You’re BTS shooting-on-the-fly posts are always so good as tutorials and reminders that even a single off-camera strobe when used in proper concert with the right camera settings can deliver, in the right hands, brilliant results. Thanks, as always, for all that you know and so willingly share.
jim donahue says
Love this post..luv it..luv it..luv it. (learned a lot too)
Joe McNally says
Hey Lewis…via line of sight commander flash hot shoed to camera…..an SB 910
Joseph Louis says
I have always admired your photography but now you have me in the spell of your writing style – succinct, mesmerizing, and filled with creative and beautiful metaphors. You have the gift of Irish story-telling. Your description of Times Square then and now is a work of art and I really enjoyed reading it. Thanks for making your blog so engaging.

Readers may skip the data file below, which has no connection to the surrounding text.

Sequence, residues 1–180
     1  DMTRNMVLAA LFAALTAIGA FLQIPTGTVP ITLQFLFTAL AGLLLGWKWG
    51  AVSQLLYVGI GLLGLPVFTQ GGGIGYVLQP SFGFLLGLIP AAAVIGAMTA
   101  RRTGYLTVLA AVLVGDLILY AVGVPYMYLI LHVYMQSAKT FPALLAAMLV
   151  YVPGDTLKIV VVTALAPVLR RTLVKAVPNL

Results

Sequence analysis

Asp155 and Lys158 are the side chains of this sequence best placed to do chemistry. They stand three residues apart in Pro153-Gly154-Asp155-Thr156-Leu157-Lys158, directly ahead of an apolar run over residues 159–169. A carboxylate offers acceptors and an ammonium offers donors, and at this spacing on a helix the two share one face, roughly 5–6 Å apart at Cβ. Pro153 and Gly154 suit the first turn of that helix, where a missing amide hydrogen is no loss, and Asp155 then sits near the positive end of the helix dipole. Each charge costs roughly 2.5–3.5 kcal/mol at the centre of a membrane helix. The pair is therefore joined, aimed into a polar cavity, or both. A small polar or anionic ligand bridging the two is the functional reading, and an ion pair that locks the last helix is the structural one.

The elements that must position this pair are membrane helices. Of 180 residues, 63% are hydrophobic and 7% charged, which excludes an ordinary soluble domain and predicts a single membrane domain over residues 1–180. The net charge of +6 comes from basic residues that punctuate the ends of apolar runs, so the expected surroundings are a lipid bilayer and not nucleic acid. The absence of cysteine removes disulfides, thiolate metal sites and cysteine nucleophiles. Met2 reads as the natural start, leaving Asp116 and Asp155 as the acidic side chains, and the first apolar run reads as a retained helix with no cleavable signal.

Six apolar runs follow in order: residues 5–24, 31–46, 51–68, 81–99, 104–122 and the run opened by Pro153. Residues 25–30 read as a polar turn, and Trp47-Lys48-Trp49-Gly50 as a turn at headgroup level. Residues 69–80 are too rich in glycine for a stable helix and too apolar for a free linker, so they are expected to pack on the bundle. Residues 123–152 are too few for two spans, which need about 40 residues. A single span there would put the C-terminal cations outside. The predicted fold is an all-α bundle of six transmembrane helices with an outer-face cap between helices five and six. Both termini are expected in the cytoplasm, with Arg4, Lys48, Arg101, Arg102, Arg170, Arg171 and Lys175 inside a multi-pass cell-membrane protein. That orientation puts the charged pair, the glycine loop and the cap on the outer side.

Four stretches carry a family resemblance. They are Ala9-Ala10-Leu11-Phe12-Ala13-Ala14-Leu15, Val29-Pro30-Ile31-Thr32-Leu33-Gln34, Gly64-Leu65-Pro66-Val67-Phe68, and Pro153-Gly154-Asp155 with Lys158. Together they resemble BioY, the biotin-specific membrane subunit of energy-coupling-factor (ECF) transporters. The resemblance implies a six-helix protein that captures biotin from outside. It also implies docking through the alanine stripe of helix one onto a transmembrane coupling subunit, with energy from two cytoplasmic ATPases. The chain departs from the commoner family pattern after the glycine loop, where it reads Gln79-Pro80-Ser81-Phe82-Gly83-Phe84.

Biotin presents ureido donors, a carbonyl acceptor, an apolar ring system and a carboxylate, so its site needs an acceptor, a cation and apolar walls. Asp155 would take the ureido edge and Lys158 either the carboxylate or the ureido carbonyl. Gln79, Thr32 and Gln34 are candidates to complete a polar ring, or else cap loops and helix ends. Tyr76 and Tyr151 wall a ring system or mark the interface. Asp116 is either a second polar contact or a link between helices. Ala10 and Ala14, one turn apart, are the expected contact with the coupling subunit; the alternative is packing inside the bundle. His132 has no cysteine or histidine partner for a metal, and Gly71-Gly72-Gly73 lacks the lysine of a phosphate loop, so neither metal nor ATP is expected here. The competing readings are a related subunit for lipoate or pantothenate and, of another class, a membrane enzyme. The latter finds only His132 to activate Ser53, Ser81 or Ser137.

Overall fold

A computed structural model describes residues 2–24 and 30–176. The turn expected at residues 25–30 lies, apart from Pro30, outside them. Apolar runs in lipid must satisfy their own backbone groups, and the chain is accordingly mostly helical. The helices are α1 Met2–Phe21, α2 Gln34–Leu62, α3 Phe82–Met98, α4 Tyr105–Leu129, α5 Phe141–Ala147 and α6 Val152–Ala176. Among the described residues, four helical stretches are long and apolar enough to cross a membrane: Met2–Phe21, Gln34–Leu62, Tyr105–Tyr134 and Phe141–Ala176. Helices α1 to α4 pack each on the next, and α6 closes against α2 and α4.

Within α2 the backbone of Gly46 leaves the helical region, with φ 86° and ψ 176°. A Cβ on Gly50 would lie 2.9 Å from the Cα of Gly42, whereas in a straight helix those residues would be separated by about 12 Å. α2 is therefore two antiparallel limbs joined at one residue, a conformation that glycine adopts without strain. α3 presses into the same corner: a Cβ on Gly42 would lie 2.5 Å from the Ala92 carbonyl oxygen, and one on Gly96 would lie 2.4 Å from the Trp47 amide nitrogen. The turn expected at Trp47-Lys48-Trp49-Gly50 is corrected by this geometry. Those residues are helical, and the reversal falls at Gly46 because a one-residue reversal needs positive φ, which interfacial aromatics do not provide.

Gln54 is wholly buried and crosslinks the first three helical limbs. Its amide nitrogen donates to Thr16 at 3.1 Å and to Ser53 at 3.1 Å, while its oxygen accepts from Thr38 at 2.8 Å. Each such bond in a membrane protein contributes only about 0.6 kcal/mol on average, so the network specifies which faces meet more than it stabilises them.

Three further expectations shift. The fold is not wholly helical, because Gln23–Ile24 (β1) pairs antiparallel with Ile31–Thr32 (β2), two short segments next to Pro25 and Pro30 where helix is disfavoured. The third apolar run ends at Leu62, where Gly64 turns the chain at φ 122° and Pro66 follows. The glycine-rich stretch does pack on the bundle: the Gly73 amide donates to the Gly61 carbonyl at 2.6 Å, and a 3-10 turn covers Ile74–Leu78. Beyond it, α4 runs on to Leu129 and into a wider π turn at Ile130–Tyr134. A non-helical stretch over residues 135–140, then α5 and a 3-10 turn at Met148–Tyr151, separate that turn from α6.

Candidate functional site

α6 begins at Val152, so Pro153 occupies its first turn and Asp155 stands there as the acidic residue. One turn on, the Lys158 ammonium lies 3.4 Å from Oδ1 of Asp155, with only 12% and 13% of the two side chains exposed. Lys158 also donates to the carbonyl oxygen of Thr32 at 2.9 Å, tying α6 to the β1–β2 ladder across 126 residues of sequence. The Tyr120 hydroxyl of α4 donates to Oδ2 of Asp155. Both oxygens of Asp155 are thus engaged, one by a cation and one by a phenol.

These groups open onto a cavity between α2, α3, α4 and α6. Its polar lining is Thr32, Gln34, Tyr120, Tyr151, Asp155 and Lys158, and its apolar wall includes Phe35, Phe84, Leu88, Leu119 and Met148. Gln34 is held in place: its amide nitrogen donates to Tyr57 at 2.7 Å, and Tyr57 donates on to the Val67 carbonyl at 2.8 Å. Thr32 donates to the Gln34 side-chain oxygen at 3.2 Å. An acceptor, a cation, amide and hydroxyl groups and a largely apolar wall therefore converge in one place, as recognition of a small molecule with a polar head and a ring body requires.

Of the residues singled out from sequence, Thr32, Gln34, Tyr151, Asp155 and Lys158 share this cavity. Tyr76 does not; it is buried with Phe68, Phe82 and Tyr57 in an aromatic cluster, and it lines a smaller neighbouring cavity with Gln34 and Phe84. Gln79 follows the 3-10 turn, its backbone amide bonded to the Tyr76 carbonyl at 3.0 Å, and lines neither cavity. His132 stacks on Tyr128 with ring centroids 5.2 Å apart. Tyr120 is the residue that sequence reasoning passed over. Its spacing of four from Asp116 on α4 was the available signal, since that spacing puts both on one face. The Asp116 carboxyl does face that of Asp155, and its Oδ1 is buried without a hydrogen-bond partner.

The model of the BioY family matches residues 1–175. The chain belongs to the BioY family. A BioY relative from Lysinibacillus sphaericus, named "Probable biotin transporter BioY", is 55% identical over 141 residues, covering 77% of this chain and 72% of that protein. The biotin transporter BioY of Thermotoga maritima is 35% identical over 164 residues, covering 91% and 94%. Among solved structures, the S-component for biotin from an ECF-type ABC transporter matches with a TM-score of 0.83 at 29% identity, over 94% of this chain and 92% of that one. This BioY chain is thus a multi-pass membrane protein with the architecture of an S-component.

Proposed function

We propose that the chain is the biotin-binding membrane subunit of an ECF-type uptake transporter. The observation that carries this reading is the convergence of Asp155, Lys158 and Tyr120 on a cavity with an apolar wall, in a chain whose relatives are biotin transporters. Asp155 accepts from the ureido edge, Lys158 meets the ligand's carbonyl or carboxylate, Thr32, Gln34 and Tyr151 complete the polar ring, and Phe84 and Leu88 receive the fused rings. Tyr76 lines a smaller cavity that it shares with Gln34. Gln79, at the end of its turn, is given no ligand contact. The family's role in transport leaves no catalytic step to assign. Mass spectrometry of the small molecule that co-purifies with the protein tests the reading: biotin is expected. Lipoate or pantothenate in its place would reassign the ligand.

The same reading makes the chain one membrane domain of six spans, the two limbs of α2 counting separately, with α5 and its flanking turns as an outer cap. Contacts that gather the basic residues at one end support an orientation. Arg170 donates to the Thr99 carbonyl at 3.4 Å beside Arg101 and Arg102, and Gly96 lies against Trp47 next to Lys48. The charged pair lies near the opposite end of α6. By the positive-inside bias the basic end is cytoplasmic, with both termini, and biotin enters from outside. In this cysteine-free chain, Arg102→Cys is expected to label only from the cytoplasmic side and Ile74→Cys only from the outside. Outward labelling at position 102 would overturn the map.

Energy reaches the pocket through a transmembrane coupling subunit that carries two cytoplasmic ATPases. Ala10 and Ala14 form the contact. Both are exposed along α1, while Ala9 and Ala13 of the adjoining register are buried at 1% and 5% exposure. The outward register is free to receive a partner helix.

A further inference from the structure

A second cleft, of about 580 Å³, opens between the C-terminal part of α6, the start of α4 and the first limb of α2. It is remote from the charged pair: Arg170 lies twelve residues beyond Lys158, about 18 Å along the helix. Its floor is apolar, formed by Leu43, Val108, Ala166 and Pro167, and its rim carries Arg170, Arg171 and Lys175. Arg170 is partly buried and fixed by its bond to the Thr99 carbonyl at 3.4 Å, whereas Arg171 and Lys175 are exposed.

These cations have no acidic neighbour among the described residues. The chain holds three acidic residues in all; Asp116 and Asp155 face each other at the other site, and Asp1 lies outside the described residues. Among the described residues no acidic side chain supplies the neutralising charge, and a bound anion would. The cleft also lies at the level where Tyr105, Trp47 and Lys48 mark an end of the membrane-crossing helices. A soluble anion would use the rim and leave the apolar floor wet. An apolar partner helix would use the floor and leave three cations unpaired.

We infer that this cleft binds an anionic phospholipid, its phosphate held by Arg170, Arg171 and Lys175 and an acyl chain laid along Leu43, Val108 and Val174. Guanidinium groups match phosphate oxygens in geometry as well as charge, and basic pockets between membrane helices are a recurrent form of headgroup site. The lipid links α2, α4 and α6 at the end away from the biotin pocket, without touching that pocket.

Very cool post! Thanks for taking the time Joe. Love the write up too; I wish I’d been alive to go there in the seventies!
Bharat Pania says
This very in sparing tutorial. Good result , One should try self assignment.
These are great photos, thanks for setting sharing.
Rebecca Hagemann says
Wow, can’t “dumb it down Barney style” more than that! Great examples.
Andi Breunig says
great pictures and very interesting to see their evolution on location. Just one question though: Why not drop the ISO to 100 and avoid HSS – not that there is anything wrong with that… Thanks heaps!
Bob Zolto says
Forty years at the NY Times in an around Times Square, mostly working at night. It was a gritty, wonderful place, dark and brilliantly lit at the same time, before Disney took it over. Left there and now a shooter in New Mexico.
Joe McNally says
Hey Andi…guess I just didn’t think of that. Heat of the moment and all, I just banged ahead, but what you suggest is absolutely true….best, Joe